Blind and partially sighted voters are calling for changes to the current voting system, which they say prevents them from voting in private.
If you have a visual impairment this might be how you see a ballot paper.
Campaigners want to modernise the system to make it accessible to everyone.
Eighty per cent of people surveyed by Royal National Institute for the Blind who used a tactile voting device said that they voted with another person.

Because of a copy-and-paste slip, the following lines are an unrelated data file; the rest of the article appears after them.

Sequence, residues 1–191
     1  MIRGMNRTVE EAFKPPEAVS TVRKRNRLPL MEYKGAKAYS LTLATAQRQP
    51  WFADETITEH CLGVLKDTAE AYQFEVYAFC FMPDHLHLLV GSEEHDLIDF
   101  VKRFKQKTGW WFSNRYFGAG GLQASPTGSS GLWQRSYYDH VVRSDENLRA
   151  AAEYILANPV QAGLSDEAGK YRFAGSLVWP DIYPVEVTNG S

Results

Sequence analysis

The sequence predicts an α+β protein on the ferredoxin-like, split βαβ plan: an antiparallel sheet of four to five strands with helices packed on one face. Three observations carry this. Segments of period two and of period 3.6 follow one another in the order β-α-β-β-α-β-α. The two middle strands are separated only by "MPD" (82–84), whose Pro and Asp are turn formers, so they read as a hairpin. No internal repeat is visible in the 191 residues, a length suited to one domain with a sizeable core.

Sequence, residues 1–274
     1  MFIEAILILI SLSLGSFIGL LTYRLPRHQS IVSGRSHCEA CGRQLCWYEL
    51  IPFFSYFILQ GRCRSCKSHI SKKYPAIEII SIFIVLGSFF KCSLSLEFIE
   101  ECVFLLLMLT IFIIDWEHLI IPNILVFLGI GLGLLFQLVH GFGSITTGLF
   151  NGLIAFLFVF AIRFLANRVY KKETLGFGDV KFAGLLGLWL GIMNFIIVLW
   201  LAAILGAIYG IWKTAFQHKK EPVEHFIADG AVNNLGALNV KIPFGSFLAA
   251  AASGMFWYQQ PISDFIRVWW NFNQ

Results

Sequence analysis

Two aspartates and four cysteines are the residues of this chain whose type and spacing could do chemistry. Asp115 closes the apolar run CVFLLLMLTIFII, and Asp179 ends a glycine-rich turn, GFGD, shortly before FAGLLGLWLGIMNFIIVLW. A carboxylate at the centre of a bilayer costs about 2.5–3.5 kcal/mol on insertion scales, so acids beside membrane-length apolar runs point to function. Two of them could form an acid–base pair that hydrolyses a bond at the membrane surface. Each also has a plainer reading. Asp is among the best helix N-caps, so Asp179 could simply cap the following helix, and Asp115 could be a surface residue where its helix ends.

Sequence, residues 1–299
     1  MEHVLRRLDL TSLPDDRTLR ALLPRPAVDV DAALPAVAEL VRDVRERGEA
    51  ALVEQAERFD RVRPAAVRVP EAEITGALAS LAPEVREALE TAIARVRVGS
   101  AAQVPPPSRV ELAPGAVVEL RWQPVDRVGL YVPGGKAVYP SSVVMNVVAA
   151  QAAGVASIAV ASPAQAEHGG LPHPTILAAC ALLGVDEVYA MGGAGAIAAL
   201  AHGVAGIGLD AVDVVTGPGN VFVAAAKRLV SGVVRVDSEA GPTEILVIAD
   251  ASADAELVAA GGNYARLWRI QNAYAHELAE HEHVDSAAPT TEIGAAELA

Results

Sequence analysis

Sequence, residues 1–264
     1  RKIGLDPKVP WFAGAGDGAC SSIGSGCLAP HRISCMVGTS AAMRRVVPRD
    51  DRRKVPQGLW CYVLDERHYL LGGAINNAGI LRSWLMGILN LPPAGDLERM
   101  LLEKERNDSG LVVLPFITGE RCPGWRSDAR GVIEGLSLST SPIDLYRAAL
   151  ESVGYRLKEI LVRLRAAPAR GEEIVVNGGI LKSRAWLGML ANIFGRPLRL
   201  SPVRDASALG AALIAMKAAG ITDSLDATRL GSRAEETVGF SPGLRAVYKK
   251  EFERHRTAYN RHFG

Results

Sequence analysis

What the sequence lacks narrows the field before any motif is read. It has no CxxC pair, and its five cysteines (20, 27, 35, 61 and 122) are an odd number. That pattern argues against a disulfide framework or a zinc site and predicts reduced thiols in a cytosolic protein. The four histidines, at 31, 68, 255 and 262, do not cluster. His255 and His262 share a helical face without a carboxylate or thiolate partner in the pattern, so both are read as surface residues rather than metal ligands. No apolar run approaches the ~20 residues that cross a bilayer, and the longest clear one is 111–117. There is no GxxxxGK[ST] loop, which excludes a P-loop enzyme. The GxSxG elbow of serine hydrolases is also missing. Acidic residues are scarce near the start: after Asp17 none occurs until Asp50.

The two voting aids currently available to blind and partially sighted people, a large-print ballot paper or a tactile voting device, a plastic template that fits over the ballot paper, can still mean people need a sighted person to guide them where to put their cross.
Dan Thomas, 32, from Cardiff, says that existing voting arrangements do not consider the many diverse needs of blind and partially sighted people across Wales.
Mr Thomas said he's asking for the "same rights as everybody else".
The RNIB said it's "simply not acceptable" for people to not be sure of who they've voted for.
In a statement, the UK Government said they're working with the RNIB to "develop alternative options."